AUSTIN (KXAN) — As children across Texas head back to school, the fight in court over mask mandates rages on between state leaders and local governments.
While the legal battle plays out over Gov. Greg Abbott’s executive order which bans mask mandates by government entities — including public school districts — school boards are either choosing to defy the Governor’s executive order and require masks or keep masks optional for students and staff. Several districts have already changed their rules and requirements over the last few days.
The Texas Supreme Court temporarily blocked mask mandates in Dallas and Bexar counties, including their school districts, but their ruling doesn’t affect the Austin Independent School District mask mandate yet.
On Monday night, several other school districts across Texas met to talk about mask requirements and other COVID-19 safety protocols.
Elgin ISD was the first to take action and approve a mask mandate for students and staff starting on Tuesday. Officials said they made the decision after carefully considering the different local and state mask orders.
The Round Rock Board of Trustees heard from at least a dozen students and dozens of parents, during a meeting that lasted late into Monday night. The meeting agenda noted they could take “possible action” on their COVID-19 safety protocols.
“I’d like to urge you to issue a mask mandate to save our lives,” one middle school student told the Round Rock ISD board.
An incoming senior student echoed the sentiment: “A mask isn’t just about you. A mask is to protect those around you.”
Meanwhile, another student urged the board to comply with the Governor’s order and said they worried about the toll on the mental health of her classmates if masks or virtual learning persisted.
“We should be able to see each other’s smiling faces and feel comfortable returning to our learning environment,” she said.
“Please stop telling us how to raise our children,” one parent asked.
“Decisions such as these should never be made by school or government officials. You do not live in my house,” another said, and was met with applause.
Other parents took the microphone to praise the district’s decision, including Elias Ponvert — a parent who put his name on a lawsuit along with several other parents across the state and La Joya Independent School District in Hidalgo County — calling for a temporary restraining order to the executive order and allowing for local mask mandates to be enforced.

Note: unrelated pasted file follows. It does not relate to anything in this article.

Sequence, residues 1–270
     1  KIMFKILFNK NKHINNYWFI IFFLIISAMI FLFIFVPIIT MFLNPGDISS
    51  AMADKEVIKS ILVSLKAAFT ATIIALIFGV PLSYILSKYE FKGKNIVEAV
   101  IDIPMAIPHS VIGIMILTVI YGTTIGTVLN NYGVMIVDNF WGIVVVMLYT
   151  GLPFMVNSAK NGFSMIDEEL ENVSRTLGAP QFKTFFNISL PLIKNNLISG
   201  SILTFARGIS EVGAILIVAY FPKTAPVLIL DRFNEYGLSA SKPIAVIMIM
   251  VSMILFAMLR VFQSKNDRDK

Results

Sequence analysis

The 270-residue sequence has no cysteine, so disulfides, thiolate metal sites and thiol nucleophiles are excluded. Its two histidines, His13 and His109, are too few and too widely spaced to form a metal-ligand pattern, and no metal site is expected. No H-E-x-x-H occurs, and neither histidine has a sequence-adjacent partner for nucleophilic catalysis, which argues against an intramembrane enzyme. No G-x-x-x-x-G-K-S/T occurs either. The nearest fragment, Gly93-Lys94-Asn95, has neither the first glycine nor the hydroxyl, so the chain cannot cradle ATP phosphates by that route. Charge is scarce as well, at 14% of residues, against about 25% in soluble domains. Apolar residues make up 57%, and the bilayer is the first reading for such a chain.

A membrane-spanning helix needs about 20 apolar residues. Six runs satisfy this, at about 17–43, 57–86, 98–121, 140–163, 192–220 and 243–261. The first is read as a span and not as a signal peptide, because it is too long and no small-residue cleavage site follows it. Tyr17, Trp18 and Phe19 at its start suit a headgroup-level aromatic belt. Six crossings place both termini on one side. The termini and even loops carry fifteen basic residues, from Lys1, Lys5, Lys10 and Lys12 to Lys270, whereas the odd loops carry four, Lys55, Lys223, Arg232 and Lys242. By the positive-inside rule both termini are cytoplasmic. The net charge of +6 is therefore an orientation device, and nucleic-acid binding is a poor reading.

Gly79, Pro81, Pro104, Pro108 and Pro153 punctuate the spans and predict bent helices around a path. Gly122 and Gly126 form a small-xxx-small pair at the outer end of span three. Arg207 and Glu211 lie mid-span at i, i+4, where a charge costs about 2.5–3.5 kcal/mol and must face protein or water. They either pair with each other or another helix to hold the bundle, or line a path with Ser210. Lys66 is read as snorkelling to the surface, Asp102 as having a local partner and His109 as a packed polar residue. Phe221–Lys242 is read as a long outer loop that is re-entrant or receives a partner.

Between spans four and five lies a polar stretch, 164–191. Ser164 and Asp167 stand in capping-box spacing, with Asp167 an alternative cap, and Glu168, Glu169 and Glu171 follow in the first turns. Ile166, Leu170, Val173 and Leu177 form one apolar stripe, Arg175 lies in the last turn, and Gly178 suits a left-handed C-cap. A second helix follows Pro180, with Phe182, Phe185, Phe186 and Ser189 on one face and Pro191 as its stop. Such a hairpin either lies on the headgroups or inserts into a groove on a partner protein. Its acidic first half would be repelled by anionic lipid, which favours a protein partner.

“I’m sick and tired of our state leadership treating this public health crisis like a political football,” he told the board.
As these back-and-forth debates happen all over the state, leaders at the Texas American Federation of Teachers worry that educators are getting caught in the middle.
Their president, Zeph Capo, said they are hearing from teachers in districts without mask mandates who feel a level of personal responsibility to keep kids healthy. Meanwhile, he says, teachers enforcing and upholding their districts’ chosen mask mandates are concerned they could face consequences or even from the state.
“Court decisions are literally flying back and forth on a daily basis, right now. So, the practicality of holding a classroom teacher who is simply trying to the best they can keep their kids safe, responsible for whatever decisions are made above their head is not practical in many ways — but is also completely irresponsible to do so.”
Earlier on Monday, Manor ISD announced a mask mandate, following the results of a survey showing that 85% of district families favored masking.
Philip Goetz, a teacher at Manor High School, said he was glad the district took this step, as he knows many students who may feel uneasy coming back into the classroom for the first time since last March.
“Like students walking on the surface of the moon. The classroom has become a foreign environment,” he said. “As a teacher, I’m getting to scope it out ahead of time. I’m getting to set up the playing field, set up the room, to be able to make it less foreign and more comfortable.”
He said he will do his best to meet his kids where they are at, so they can focus on their education, dreams and future careers.
“The biggest thing is when I say to the students, ‘This is not your fault’.”